‘Painfully emaciated’ New Jersey pup needs your help
OAKLAND — A typical 2-year-old boxer pup usually weighs around 65 pounds — so when rescue shelter staffers first saw Kira, weighing just 28 pounds, they knew there was a problem.
The Ramapo-Bergen Animal Refuge staff took Kira's story to social media in hopes that the public could help with what are expected to be high medical bills during her recovery.
The dog first came to the shelter when her owner brought her in, according to Frannie Laurita, who works for the shelter. Laurita said she asked the owner why Kira looked the way she did, and the owner said it was because "she poops a lot."
The owner had medical records that showed the dog had at one point swallowed a rawhide bone whole, and instructing the owner to feed Kira more, but the records showed she had never been tested for any digestive issues, Laurita said. While Kira is now undergoing testing to see what the problem is, Laurita said it is believed the dog had been starved — so she's being very carefully being fed to help get her weight back up.
"In some ways it's horrible, but in some ways it's good because we can fix it," she said. "If she grabbed another rawhide or something off the counter, that could have been enough to kill her."
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Looking to avoid What Laurita called "re-feeding syndrome," Laurita said Kira is given just one cup of food every 24 hours as she builds up a tolerance to a regular diet.
The refuge's website paints a bleak picture for what Kira's life was like before she was brought to the shelter.
"It seemed like help would never come for Poor Kira, whose stomach ached with hunger, and body burned from urine soaked pressure sores," the refuge said on its website. "Kira's will to live is what got her rescued. Kira barked and barked — calling out for that kind of touch that she had once found."
It was Kira's barking that helped get her to the shelter, according to Laurita. She said the owner's landlord complained that she barked too much and couldn't live there.
"That saved her life as far as I'm concerned," Laurita said. "Maybe the landlord saw her condition and used the barking as an excuse."
Kira has been in the hospital getting treatment, and will probably stay for a few days more as she continues her recovery. Laurita said just the first two days alone in the hospital were expected to cost more than $4,000 if not for the organization receiving a "significant discount."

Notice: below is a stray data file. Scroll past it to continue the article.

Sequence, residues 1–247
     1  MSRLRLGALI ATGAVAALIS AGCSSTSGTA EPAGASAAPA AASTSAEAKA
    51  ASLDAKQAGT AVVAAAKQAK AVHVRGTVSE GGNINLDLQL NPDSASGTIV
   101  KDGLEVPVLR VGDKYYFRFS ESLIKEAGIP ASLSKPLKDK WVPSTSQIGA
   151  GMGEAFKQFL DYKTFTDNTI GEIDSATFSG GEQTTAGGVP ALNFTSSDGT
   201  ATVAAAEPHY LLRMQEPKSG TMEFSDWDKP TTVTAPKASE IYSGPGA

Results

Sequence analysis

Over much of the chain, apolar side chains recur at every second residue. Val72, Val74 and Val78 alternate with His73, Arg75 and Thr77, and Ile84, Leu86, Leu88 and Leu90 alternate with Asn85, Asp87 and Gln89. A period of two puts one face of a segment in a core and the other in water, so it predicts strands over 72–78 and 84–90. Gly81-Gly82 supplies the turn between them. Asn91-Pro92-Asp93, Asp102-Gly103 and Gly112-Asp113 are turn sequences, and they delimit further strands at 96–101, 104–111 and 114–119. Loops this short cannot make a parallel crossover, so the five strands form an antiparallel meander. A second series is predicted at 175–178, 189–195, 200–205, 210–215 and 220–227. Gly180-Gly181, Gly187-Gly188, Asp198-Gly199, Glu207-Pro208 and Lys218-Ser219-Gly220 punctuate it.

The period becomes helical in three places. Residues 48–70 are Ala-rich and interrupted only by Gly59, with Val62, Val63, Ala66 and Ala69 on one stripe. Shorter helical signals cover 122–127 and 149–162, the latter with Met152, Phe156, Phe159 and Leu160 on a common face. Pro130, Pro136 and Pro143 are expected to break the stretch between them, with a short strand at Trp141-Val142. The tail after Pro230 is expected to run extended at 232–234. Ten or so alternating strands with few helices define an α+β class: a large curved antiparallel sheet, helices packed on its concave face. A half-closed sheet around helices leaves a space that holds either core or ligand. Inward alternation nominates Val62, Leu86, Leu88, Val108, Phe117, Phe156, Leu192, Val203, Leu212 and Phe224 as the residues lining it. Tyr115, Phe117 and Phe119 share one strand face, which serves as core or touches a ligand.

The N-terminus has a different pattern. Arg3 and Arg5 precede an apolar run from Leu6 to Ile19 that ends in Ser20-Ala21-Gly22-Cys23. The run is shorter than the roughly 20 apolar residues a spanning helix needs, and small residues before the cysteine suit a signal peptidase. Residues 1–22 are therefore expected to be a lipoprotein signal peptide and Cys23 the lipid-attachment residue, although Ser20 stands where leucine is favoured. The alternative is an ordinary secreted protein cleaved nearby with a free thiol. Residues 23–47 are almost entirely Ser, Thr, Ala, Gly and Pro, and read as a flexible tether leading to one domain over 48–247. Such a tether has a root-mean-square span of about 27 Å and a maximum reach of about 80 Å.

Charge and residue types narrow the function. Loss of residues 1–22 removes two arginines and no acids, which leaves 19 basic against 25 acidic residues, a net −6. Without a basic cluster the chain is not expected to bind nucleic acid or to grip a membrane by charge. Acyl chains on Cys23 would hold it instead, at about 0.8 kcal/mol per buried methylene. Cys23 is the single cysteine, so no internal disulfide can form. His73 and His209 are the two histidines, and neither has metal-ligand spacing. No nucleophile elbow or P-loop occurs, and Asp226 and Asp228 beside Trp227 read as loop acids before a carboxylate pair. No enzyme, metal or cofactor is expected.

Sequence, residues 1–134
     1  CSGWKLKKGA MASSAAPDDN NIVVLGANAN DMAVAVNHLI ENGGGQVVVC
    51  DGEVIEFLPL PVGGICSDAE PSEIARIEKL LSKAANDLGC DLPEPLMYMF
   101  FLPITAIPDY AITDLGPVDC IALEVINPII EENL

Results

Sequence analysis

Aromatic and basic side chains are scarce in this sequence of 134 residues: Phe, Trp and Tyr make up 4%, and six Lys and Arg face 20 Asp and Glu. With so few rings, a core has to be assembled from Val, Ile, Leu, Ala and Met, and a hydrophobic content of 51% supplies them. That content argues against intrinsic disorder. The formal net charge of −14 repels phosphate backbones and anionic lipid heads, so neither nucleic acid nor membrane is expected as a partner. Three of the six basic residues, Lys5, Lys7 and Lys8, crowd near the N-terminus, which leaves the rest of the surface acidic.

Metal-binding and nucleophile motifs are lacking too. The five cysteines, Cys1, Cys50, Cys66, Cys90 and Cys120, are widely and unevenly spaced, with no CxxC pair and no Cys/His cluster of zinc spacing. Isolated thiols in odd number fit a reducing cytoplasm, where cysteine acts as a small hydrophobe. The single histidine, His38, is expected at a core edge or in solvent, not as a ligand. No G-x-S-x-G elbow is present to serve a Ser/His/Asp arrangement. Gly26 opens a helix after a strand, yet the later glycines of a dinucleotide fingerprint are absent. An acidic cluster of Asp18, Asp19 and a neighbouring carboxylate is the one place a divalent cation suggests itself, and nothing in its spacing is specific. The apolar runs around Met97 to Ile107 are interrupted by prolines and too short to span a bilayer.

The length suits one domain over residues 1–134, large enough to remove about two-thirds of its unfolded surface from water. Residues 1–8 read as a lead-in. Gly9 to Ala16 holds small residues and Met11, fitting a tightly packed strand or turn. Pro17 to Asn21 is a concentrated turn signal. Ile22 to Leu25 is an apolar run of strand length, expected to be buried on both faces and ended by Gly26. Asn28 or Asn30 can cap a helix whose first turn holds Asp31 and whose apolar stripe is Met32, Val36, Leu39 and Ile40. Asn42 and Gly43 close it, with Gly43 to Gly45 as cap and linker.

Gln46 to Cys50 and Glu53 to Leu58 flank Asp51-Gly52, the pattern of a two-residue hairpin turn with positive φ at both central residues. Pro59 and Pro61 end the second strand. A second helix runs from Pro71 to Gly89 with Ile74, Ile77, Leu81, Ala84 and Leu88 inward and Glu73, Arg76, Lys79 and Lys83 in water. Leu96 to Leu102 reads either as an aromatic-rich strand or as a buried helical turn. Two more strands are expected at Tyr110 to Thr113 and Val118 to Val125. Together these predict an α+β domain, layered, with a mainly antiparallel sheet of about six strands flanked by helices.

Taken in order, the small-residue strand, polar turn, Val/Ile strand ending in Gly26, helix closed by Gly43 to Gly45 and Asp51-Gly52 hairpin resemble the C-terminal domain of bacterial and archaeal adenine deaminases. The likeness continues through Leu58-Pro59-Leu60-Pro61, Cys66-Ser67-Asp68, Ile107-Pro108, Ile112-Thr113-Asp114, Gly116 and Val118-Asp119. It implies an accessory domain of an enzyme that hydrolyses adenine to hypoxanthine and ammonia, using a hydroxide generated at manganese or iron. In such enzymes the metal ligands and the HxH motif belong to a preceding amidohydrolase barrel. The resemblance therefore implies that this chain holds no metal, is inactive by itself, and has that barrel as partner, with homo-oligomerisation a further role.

The refuge has what it calls a "Betty Lou fund," which Laurita said is used to help with treatment costs for the animals it takes care of in emergency situations. She said because Kira has had such extensive care, that fund may not be enough to cover the bills.
Neither Kira's journey to the shelter, nor her time at the hospital has been easy, but Laurita said that has not dimmed the pup's spirit or love of life. She said she has visited Kira almost every day, and every time she is greeted by a wagging tail and a cuddle before the dog falls asleep in her lap.
Laurita called Kira "incredibly sweet," but said with four dogs of her own and three fosters, she will not be able to take her home with her when she's released from the hospital.
"A lot of people have expressed interest in her," she said. "Everyone understands they have to be super careful."
Before she can find her forever home, Kira will need to be fixed and vaccinated, once she's healthy enough for that. he said the ideal home where she will be the only dog, and where the owners will be careful to make sure she doesn't eat too much too quickly.
"We're looking for someone who can really just focus only on Kira," she said.
As the shelter staff looks to find Kira a foster home and a forever home, Laurita said what they need most now is for people to donate money to help with the bills. The refuge has started a fundraising drive on its website for Kira's medical bills, and updates on her condition are regularly posted on the organization's Facebook page.
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Contact reporter Adam Hochron at 609-359-5326 or Adam.Hochron@townsquaremedia.com